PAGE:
When this pandemic started, the urge to fill our kitchen pantry shelves flooded grocery stores. The sense to prepare for the worst is natural and we needed to feel prepared in order to feel safe – at the time. That, and snacks are very important when we’re bored.
However, as we slowly return to a new normal, we should all clean out our pantries and donate to those that were in need pre-pandemic as well as to those greatly affected.
Cleaning out your pantry is actually pretty straightforward and many find it therapeutic, which is something we can all use in these very unpredictable times. We have a few steps to make your pantry cleanout easy and breezy, so let’s dive in. Shall we?
Easy Steps to Clean Out the Pantry:
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1. Take Everything Off The Shelves
Whether you want to work your way top to bottom, by sections, or by food group, just stay consistent and focused while cleaning out your pantry to avoid needing extra breaks.
Make room on your kitchen table or counters so you can spread your pantry out into groups. So, for now, move your coffee maker and other appliances resting on counters elsewhere. Remember to include other pantry items that are hanging out in your kitchen cabinets like spices, sweeteners, baking goods, and more.
Don’t let the size of your pantry intimidate you! If it’s a big pantry, you’ll be happy that you cleaned it out as grime and grease can build up on shelves and in those dark corners. If you’re cleaning out a small pantry, getting to look at it while it’s empty is crucial to organizing it to its max potential. Either way, cleaning your pantry now and then is smart to prevent pests.
✨ Pantry Clean Out Tip: Too big, too tired, or too busy? Tackle your pantry one section a day!
2. Group and Note Expiration Dates
As you spread things out on your counters, group them into categories so you’ll be able to clearly see duplicates as well as the almost-empty bags and forgotten snacks.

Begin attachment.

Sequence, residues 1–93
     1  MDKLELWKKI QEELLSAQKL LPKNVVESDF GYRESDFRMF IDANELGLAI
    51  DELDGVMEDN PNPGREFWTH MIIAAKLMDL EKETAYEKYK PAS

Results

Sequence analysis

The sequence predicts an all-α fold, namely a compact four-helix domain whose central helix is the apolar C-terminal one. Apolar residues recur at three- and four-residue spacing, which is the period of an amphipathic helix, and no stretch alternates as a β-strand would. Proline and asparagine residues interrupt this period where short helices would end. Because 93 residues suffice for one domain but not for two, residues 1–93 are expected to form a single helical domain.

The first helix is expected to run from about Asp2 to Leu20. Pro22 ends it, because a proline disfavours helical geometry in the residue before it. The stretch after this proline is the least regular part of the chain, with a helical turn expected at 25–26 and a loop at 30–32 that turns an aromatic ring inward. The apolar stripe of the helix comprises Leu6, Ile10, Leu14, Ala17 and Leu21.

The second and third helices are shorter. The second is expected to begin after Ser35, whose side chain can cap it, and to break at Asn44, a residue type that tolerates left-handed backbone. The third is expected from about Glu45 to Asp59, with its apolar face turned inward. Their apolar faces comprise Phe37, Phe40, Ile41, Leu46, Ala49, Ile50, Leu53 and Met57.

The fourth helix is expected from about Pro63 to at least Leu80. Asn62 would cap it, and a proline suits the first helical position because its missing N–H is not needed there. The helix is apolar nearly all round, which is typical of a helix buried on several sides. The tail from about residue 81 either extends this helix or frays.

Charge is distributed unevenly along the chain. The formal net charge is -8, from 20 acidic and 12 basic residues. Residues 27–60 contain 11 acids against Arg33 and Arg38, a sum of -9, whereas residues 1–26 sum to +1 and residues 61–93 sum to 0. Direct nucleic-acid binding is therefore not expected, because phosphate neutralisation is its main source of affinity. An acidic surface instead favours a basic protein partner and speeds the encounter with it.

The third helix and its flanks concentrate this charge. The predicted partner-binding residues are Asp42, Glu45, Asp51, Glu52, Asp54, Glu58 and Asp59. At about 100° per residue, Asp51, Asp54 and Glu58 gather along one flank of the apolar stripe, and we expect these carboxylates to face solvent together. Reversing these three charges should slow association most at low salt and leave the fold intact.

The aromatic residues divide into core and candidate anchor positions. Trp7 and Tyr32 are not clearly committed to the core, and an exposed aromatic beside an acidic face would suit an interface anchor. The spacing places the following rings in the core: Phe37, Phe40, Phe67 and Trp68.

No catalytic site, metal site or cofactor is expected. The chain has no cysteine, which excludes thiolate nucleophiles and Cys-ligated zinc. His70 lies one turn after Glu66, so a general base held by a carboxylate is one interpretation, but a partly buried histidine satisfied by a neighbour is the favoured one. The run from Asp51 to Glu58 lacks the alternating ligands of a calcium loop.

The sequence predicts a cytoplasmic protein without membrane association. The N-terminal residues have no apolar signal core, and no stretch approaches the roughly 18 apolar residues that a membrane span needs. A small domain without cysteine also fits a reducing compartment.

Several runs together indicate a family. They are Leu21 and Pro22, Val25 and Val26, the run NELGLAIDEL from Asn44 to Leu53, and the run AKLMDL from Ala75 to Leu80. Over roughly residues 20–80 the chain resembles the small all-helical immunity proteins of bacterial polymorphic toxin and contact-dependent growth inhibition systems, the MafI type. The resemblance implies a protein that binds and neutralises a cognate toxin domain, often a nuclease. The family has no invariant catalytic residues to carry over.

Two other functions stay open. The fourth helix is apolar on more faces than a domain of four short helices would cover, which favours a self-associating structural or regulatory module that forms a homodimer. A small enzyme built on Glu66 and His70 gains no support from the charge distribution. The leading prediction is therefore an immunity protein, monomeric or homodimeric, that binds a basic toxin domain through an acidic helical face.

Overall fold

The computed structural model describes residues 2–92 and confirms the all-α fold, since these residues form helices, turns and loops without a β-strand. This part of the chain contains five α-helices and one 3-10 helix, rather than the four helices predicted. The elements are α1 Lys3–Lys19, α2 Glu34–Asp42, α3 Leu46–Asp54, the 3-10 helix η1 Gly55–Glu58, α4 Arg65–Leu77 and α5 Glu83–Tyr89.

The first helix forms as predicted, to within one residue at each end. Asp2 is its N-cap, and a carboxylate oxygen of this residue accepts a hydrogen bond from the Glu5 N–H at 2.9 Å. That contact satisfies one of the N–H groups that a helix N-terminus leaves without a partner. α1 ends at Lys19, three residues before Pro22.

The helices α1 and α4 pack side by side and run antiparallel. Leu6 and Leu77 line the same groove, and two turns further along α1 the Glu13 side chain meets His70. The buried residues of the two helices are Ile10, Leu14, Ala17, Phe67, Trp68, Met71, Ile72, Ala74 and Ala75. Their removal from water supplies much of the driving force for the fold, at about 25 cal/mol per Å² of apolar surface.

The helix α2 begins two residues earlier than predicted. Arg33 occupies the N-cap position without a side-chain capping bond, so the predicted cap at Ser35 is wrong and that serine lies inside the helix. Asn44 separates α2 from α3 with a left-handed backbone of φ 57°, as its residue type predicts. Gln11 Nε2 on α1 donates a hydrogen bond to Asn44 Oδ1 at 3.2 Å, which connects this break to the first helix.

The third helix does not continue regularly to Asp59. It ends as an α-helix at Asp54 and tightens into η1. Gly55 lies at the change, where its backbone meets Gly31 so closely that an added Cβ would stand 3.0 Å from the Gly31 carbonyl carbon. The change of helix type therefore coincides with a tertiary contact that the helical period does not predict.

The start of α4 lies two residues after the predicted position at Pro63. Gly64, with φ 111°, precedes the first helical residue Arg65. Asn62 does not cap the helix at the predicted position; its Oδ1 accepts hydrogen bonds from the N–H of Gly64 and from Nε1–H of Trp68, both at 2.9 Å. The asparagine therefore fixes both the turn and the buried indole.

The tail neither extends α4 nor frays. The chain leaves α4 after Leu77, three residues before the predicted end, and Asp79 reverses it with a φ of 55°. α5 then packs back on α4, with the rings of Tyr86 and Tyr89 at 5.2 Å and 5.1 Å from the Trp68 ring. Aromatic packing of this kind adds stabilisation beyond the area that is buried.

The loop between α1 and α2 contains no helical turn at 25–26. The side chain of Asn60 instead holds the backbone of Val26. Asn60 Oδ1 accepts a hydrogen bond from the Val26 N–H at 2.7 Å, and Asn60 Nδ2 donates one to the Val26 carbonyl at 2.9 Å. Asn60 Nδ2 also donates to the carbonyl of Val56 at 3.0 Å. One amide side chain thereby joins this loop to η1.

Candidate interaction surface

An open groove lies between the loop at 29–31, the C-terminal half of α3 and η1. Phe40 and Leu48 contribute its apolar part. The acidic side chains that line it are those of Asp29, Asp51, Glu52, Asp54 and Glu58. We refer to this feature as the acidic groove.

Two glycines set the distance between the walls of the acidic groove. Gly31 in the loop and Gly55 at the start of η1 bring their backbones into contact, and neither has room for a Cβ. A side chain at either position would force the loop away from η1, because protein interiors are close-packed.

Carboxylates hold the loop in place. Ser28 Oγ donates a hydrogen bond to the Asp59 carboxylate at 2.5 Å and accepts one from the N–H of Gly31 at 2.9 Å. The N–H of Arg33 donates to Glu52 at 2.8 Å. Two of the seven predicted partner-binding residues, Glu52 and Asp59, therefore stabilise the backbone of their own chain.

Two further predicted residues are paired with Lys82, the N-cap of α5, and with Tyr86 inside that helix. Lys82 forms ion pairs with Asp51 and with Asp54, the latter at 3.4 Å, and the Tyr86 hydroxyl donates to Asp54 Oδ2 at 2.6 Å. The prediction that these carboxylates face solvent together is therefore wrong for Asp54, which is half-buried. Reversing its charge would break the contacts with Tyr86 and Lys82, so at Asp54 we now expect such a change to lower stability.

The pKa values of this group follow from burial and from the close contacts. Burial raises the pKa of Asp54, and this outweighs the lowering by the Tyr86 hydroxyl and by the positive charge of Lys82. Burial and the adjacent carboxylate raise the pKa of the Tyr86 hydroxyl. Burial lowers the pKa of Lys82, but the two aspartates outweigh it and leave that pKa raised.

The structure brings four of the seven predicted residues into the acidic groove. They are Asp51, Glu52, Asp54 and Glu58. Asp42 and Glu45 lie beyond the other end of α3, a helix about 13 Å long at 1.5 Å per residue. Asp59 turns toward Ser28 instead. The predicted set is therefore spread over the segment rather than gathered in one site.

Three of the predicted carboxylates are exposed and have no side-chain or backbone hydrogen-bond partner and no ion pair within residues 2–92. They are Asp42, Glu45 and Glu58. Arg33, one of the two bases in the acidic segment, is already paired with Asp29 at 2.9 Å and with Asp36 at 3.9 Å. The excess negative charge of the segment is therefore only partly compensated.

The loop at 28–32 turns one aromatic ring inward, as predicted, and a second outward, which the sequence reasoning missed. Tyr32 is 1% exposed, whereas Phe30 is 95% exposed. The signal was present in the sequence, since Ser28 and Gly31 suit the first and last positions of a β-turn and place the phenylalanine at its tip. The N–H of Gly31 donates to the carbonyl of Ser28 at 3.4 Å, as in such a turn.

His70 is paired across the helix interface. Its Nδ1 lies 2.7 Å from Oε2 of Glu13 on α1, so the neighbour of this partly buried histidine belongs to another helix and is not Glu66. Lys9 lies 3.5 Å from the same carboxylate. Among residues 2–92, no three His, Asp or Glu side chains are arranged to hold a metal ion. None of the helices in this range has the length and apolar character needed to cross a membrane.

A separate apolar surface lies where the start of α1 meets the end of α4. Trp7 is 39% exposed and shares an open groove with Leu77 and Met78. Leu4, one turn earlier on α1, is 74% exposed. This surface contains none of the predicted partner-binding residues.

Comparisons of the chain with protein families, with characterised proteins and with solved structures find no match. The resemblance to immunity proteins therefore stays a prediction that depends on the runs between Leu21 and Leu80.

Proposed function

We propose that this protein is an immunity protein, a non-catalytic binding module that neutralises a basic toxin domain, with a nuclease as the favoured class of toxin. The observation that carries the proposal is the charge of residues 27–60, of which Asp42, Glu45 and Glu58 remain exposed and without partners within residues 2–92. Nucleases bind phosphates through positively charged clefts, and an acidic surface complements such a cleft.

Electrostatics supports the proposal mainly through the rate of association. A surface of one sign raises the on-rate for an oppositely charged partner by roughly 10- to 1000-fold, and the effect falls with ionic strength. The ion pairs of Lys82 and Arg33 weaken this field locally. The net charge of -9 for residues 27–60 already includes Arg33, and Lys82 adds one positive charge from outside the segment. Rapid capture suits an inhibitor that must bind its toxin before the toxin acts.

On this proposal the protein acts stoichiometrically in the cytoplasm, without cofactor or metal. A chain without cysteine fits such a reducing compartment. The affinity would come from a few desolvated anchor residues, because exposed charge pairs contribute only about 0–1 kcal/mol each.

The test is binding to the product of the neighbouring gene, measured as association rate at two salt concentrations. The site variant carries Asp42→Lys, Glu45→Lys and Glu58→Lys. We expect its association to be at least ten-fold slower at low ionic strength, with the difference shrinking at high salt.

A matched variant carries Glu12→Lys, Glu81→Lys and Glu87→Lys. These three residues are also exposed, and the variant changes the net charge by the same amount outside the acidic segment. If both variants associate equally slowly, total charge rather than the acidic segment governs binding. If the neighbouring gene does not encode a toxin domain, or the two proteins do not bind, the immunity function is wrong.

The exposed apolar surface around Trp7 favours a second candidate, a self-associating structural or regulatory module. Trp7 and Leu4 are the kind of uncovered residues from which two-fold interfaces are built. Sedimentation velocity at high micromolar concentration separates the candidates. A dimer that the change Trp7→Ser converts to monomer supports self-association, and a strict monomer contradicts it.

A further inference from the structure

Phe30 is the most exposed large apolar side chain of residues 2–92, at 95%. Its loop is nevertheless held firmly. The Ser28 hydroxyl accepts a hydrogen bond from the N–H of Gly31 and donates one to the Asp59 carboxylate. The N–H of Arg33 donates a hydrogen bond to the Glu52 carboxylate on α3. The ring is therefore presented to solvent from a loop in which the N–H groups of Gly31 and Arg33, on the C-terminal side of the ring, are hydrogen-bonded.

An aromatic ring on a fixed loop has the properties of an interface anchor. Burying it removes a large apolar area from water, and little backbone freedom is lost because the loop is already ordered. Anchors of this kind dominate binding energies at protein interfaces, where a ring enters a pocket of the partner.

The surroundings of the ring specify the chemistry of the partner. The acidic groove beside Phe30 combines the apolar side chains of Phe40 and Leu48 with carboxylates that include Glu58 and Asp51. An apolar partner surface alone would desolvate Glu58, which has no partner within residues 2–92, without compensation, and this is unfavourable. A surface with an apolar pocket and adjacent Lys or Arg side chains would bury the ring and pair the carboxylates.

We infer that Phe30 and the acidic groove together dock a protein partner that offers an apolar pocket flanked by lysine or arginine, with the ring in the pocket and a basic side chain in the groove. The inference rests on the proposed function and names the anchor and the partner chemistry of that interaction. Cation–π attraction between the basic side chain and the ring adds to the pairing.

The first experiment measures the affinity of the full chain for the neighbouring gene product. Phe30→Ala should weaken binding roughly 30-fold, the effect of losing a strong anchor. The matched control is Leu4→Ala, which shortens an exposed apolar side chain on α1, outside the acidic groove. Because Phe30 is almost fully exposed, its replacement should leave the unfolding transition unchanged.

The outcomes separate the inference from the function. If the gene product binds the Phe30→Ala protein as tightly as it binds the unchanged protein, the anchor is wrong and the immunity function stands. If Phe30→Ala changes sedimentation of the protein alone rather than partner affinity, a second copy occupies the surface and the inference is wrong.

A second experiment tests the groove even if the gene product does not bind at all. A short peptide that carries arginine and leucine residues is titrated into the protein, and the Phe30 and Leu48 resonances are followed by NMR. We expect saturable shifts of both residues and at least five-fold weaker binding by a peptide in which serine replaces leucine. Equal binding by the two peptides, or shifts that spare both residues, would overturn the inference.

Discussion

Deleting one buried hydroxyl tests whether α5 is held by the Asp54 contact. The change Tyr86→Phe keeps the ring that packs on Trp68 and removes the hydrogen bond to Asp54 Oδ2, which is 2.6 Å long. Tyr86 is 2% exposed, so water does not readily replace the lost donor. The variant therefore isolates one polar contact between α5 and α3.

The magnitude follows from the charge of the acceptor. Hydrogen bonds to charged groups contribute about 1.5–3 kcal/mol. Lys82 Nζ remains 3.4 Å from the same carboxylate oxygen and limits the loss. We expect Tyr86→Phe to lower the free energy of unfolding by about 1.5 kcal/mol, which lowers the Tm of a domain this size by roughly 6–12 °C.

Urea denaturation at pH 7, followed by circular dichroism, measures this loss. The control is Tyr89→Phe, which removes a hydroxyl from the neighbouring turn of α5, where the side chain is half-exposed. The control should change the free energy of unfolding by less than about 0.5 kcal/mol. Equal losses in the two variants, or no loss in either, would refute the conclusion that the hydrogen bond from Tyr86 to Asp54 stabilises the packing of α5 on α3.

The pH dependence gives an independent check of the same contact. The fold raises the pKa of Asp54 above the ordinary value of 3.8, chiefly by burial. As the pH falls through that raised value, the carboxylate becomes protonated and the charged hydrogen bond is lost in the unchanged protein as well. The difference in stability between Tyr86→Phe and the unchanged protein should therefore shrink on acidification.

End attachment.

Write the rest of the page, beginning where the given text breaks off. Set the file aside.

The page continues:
Here are some categories that you might group your pantry by:
- Baking goods (flour, sugar, yeast, vanilla, chocolate, cornstarch, baking powder)
- Spices and seasonings
- Sweeteners (honey, maple syrup, corn syrup)
- Canned goods
- Rice and grains (beans, rice, oats, pasta, quinoa)
- Snacks and cereals
- Oils and vinegars (olive, vegetable, sesame oil, balsamic, cider, red/rice wine vinegar)
You can use a sharpie to write the expiration date somewhere you can easily spot, as we all know that the printed expiration dates are way too small and hard to quickly locate.
Labeling the expiration date will not only help you maintain your decluttered pantry as weeks go on, but they make it easy to make sure you use the item before they spoil. If you can’t find an expiration date, try to think back on how long you’ve had the item. Things like flour and flax can not only be an invitation for pests but oils can make them turn.
Pantry staple lifespans:
- Dry Pasta: Two years
- Whole Wheat Flour: Three months
- White Flour: One year
- Spices: Two years
- Baking Powder: One year
- Brown Rice: One year
- Oil Sprays: One year
- Coconut Oil: Three months
- Vegetable/Olive Oil: Two years
If you want to double your chances of maintaining your decluttered kitchen pantry, consider always putting the soonest-to-expire pantry items in the front.
3. Purge and Throw Away Old Goods
Obviously toss anything expired, but also consider things like spices you bought a while back for that one recipe you’re never going to make again, or other pantry items that you haven’t used in the last 6 months. Also, separate the items that you don’t need, aren’t open and are still well within their lifespan.
Consider reaching out to elderly family, neighbors, and friends to see what they could be lacking. If you’re maybe not feeling like giving a lot away, remember that some of what is in your pantry you haven’t thought of using during this time or even before. While it might make you feel safe, there are probably a few things you can get from decluttering your pantry that could really help someone.
Pantry Clean Out Recipes
For the pantry items that are probably too close to their expiration date to donate or give away, try some pantry clean out recipes! These recipes focus on things people typically stock up in their pantries once and forget about.
Everything from canned goods like kidney beans and chickpeas, to finishing off that quinoa that you ventured into trying but have since forgotten about — people have been dealing with expiring food for a very, very long time so don’t throw away perfectly good ingredients if you can make something delicious and freeze it for the future!
🌱 Eco-friendly Tip: Bring glass jars to grocery stores to fill them from bulk bins and save plastic!
4. Donate Extra Canned Goods
As you go through each of your categories, try to be ruthless and put more than a few things in a donation box. You likely could use some room in your pantry and local food banks would be happy to accept your donations. Some are operating drive-through food pantry services and others are following social distancing rules to remain safe while assisting those in need.